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\def\C{{$C^*$-algebra}}
\sloppy
\date{}
%\date{10 August 1997}
\author{V.~M.~Manuilov}
\title{Asymptotic homomorphisms into the Calkin algebras%
\footnote{This research was partially supported by
RFBR (grant No 99-01-01201).}}
\begin{document}
\maketitle
\begin{abstract}
Let $A$ be a separable $C^*$-algebra and let $B$ be a $C^*$-algebra
with a strictly positive element. We consider the (semi)group
$\Ext^{as}(A,B)$ (resp. $\Ext(A,B)$) of homotopy classes of asymptotic
(resp. of genuine) homomorphisms from $A$ to the Calkin algebra
$Q(B\otimes\K)=\M(B\otimes\K)/B\otimes\K$
and the natural map $i:\Ext(A,B)\ar\Ext^{as}(A,B)$. We show that if $A$ is
a suspension then $\Ext^{as}(A,B)$ coincides with $E$-theory of Connes and
Higson and the map $i$ is an isomorphism. In particular any
homotopy class of asymptotic homomorphisms from $SA$ to $Q(B\otimes\K)$
contains some genuine homomorphism.
\end{abstract}
%%%%%%%%%%%%%%%%%%%%%%%%%%%%%%%%%%%%%%%%%%%%%%%%%%%%%%%%%%%%%%%%%%%
{\protect\small\protect
\section{Introduction}
}
The old problem of describing extensions of $C^*$-algebras was a stimulus
for penetration of topological methods into $C^*$-algebra theory
\cite{BDF}. In \cite{Kasparov} it was shown that for nuclear
$C^*$-algebras their extensions can be described in terms of the
Kasparov's $KK$-functor. Unfortunately there are still no results beyond
the nuclear case. We introduce a group of so-called phantom extensions
(possibly empty) and show that when $A$ is suspended then the group of
extensions $\Ext(A,B)$ naturally decomposes into a direct sum of
the $E$-group \cite{Connes-Higson} of asymptotic homomorphisms and the
group of phantom extensions.
Let $A$, $B$ be $C^*$-algebras. Remind \cite{Connes-Higson} that a
collection of maps
$$
\varphi=(\varphi_t)_{t\in[1,\i)}:A\ar B
$$
is called an asymptotic homomorphism if for every $a\in A$ the map
$t\mapsto\varphi_t(a)$ is continuous and
if for any $a,b\in A$, $\lambda\in{\bf C}$ one has
$$
\lim_{t\to\i}\norm{\varphi_t(ab)-\varphi_t(a)\varphi_t(b)}=0;
$$
$$
\lim_{t\to\i}\norm{\varphi_t(a+\lambda b)-\varphi_t(a)-\lambda\varphi_t(b)}=0;
$$
$$
\lim_{t\to\i}\norm{\varphi_t(a^*)-\varphi_t(a)^*}=0.
$$
Two asymptotic homomorphisms $\varphi^{(0)}$ and $\varphi^{(1)}$ are
homotopic if there exists an asymptotic homomorphism $\Phi$ from $A$ to
$B\otimes C[0,1]$ such that its compositions with the evaluation maps at
$0$ and at $1$ coincide with $\varphi^{(0)}$ and $\varphi^{(1)}$
respectively. The set of homotopy classes of asymptotic homomorphisms
from $A$ to $B$ is denoted by $[[A,B]]$
\cite{Connes-Higson,Dadarlat-Loring}.
Throughout this paper we always assume that $A$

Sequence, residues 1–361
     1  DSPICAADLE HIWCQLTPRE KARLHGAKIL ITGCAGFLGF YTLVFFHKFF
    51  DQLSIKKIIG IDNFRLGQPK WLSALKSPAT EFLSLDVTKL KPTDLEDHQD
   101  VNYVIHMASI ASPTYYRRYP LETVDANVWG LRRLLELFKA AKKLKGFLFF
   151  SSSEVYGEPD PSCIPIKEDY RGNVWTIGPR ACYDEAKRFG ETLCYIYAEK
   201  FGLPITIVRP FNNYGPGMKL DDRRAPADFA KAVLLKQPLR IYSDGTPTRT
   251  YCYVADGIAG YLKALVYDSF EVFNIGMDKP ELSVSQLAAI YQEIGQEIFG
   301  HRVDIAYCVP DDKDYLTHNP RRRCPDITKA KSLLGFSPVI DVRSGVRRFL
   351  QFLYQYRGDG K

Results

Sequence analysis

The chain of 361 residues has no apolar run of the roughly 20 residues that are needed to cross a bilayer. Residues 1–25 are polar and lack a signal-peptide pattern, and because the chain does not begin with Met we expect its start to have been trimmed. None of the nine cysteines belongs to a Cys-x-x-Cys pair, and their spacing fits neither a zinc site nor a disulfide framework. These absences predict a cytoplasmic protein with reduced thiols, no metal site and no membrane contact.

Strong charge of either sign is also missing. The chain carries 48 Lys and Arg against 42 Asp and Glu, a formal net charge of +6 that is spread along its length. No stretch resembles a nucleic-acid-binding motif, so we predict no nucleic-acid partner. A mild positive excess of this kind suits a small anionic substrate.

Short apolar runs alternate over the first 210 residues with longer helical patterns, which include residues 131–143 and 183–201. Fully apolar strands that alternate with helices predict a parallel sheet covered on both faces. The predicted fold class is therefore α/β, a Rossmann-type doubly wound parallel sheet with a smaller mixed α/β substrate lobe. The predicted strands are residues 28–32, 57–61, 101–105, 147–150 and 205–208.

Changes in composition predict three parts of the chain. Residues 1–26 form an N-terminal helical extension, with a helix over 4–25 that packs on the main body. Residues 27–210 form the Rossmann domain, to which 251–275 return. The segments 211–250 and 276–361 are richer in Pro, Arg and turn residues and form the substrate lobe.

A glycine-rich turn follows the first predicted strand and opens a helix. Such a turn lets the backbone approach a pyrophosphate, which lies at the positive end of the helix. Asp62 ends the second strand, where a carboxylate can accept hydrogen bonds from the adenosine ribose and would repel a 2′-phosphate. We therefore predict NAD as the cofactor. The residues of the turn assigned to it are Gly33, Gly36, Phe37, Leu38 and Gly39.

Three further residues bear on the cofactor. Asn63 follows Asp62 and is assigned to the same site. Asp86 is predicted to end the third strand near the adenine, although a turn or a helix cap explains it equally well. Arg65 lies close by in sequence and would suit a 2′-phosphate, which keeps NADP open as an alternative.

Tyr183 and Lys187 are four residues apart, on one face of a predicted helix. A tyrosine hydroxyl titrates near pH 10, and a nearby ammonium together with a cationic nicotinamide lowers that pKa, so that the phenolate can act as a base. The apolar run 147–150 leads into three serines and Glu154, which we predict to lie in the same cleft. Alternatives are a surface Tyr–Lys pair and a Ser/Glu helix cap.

is separable and that $B$ has a strictly positive element.
By $\Ext(A,B)$ we denote the set of homotopy classes of extensions of $A$ by
$B\otimes\K$, where $\K$ denotes the $C^*$-algebra of compacts.
We identify extensions with homomorphisms into the Calkin
algebra $Q(B\otimes\K)=\M(B\otimes\K)/B\otimes\K$
by the Busby invariant \cite{Busby}. Two extensions
$f_0,f_1:A\ar Q(B\otimes\K)$ are homotopic if there exists an extension
$F:A\ar Q(B\otimes\K\otimes C[0,1])$
such that its composition with the evaluation
maps at $0$ and at $1$ coincide with $f_0$ and $f_1$ respectively.
Similarly we denote by $\Ext^{as}(A,B)$ the set of homotopy classes of
asymptotic homomorphisms from $A$ to $Q(B\otimes\K)$.
Two asymptotic homomorphisms
$$
\varphi^{(i)}=(\varphi_t^{(i)})_{t\in[1,\i)}:A\ar Q(B\otimes\K),
\quad i=0,1,
$$
are homotopic if there exists an asymptotic homomorphism
$\Phi=(\Phi_t)_{t\in[1,\i)}:A\ar Q(B\otimes\K\otimes C[0,1])$ such that its
compositions with the evaluation maps at $0$ and at $1$ coincide with
$\varphi^{(0)}$ and $\varphi^{(1)}$ respectively. Asymptotic homomorphisms
into $Q(B\otimes\K)$ we call sometimes {\it asymptotic extensions}.
All these sets are equipped with a natural group structure when $A$ is a
suspension, i.e. $A=SD=C_0({\bf R})\otimes D$ for some $C^*$-algebra $D$.
We usually identify the $C^*$-algebras $C_0({\bf R})$ and $C_0(0,1)$.
As every genuine homomorphism can be viewed as an asymptotic one,
so we have a natural map
\be\label{i}
i:\Ext(A,B)\ar\Ext^{as}(A,B).
\ee
It is well-known that usually there is much more asymptotic homomorphisms
than genuine ones, e.g. for $A=C_0({\bf R}^2)$ all
genuine homomorphisms of $A$ into $\K$ are homotopy trivial though
the group $[[C_0({\bf R}^2),\K]]$ coincides with $K_0(C_0({\bf
R}^2))={\bf Z}$ via the Bott isomorphism.
On the other hand there are cases known when all asymptotic homomorphisms